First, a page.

In mid-June, Whistleblower Aid, a nonprofit legal aid organization that supports employees who seek to expose unlawful activity taking place in private companies and the government, sent a letter to the commissioners of the American Alliance of Museums (AAM) with the subject line: “Detroit Institute of Arts Does Not Meet AAM Criteria for Accreditation.” It was signed by John M. Tye, who in October represented Frances Haugen — the Facebook whistleblower who revealed that its algorithm was geared to sow discord and that the company knew Instagram was responsible for body image issues in adolescents. The letter reiterated complaints about museum leadership that were originally aired in 2021, when a recording of a confidential meeting was leaked and published by the Metro Times.
Changes are “long overdue” at the Detroit Institute of Arts (DIA), the missive alleged. It cited findings that had been reached in DIA’s own independent investigation, which the museum hired the law firm Crowell & Moring to conduct. Salvador Salort-Pons, who assumed the position of director, president, and CEO of the museum in 2015, had “on more than one occasion” told staff members to hire applicants solely on the basis of race and gender with no regard for qualifications, the investigation found. And a disproportionate number of those who left during his directorship were women: In 2018, for instance, 27% of women in managerial and professional positions left their roles, in contrast to only 2% of men. Some former and current employees indicated to investigators that Salort-Pons had retaliated against employees who had brought forward complaints to him or human resources.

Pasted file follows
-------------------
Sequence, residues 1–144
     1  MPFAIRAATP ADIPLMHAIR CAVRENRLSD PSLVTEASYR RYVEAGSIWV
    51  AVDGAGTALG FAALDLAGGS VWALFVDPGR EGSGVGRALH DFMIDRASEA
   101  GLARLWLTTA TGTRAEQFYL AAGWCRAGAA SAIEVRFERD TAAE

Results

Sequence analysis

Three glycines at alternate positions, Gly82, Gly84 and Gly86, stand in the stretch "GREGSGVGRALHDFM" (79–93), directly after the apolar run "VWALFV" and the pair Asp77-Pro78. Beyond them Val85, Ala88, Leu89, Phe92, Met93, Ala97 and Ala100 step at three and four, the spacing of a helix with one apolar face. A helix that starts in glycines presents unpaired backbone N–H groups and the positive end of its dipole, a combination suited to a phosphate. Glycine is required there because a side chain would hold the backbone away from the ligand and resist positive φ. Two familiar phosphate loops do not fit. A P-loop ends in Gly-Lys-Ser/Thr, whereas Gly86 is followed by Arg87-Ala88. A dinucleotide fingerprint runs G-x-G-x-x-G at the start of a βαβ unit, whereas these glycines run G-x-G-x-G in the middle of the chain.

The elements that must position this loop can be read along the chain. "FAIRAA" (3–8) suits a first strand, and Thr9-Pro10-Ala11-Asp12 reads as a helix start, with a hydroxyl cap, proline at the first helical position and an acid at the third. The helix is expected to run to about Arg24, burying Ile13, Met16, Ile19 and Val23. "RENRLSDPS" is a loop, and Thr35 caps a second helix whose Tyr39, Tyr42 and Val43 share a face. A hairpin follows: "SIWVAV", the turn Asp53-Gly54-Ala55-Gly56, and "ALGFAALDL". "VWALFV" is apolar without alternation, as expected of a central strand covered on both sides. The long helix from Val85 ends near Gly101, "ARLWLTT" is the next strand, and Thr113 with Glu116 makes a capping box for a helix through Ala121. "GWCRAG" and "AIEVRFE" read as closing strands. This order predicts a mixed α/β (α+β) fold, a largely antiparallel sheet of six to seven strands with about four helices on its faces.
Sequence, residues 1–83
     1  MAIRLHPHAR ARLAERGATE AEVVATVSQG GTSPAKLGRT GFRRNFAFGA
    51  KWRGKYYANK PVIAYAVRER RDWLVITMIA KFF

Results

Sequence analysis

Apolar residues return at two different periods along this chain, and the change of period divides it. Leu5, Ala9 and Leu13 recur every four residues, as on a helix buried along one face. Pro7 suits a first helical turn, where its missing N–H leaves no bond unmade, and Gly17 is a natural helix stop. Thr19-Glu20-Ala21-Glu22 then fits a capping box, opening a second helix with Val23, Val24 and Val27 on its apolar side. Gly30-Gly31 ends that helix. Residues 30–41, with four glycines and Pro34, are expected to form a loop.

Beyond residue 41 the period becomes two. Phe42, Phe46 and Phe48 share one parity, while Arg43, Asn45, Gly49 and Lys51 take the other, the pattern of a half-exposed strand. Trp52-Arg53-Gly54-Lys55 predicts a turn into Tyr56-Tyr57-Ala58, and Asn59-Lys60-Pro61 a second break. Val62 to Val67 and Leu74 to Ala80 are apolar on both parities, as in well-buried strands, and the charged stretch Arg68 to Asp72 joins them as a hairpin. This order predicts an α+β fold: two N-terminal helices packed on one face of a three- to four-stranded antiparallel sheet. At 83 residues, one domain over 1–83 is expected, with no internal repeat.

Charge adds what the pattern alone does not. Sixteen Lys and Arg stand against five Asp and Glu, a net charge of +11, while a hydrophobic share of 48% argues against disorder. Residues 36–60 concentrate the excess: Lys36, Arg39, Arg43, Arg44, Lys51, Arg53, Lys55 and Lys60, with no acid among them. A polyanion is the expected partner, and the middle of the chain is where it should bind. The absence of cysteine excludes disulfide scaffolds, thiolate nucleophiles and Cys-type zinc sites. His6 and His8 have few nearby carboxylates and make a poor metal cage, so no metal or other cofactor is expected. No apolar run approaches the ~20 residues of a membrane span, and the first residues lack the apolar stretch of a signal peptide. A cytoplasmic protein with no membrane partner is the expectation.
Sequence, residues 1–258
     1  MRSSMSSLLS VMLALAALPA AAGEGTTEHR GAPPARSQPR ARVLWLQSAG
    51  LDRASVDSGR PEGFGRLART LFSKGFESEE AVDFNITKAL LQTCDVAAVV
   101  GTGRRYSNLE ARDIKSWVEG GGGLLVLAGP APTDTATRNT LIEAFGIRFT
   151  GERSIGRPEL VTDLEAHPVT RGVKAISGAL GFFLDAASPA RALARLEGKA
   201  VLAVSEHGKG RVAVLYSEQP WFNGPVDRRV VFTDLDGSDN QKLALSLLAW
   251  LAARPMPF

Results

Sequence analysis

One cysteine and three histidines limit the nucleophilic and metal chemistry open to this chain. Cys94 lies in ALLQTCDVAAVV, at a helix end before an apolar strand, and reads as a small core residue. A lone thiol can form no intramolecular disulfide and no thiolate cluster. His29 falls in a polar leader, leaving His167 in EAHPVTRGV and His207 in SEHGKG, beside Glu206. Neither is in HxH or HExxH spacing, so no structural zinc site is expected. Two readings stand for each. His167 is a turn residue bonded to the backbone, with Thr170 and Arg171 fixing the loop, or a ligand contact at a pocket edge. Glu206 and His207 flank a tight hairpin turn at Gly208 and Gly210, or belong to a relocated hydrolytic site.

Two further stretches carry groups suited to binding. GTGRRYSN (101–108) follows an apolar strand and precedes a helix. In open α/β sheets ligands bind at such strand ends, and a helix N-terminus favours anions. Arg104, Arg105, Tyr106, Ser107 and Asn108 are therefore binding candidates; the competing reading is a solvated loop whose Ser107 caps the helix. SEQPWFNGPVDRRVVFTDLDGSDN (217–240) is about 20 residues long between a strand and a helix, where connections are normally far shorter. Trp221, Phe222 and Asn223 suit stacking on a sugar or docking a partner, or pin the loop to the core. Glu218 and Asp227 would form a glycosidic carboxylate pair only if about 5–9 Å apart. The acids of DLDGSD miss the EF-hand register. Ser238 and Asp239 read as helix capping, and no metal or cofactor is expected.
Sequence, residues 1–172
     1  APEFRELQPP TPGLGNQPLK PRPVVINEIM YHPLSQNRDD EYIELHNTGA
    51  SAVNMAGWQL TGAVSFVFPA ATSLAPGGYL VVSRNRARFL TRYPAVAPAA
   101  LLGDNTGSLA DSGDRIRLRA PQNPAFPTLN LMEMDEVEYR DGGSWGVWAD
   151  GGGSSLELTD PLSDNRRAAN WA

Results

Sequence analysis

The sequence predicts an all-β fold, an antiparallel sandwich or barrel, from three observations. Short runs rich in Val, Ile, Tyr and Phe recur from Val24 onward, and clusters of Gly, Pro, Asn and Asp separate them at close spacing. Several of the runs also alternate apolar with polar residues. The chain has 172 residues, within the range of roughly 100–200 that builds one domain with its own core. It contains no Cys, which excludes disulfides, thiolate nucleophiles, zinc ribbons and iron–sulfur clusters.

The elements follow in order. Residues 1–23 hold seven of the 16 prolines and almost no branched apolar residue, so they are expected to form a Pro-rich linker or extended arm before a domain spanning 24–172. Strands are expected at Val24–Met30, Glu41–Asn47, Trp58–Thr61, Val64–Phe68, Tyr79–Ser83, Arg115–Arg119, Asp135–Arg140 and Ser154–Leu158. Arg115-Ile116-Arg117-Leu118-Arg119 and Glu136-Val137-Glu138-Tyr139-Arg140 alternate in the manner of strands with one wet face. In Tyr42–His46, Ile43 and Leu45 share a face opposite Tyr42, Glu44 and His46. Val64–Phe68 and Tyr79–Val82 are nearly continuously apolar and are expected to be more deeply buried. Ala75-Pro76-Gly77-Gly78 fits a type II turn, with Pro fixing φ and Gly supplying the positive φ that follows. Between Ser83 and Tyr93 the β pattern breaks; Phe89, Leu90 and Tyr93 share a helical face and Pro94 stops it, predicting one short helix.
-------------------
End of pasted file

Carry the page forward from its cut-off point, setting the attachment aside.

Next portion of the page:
The letter urged that the AAM not re-accredit the museum. It invoked several specific AAM criteria for accreditation that it believed the DIA failed to meet, including compliance with local, state, and federal laws; the ethical management of its collections; and its commitment to accountability and transparency.
In response to Hyperallergic’s request for comment, a DIA spokesperson said that “the claims made by Whistleblower Aid revisit anonymous allegations from two years ago.” Crowell & Moring’s investigation, she added, “concluded that the crux of the allegations were without merit.”
“While we were relieved to learn of the findings of the report, through the process we recognized there was room for improvement in how we engage with all of our valued constituencies,” the spokesperson continued. “To that end, the DIA initiated a process of heightened engagement with its internal constituencies designed to facilitate open dialogue within the institution and promote the ongoing advancement of the museum’s culture and operations. We are proud of the success of this initiative and the DIA is fully committed to a process of continual improvement and enhancement of our practices.”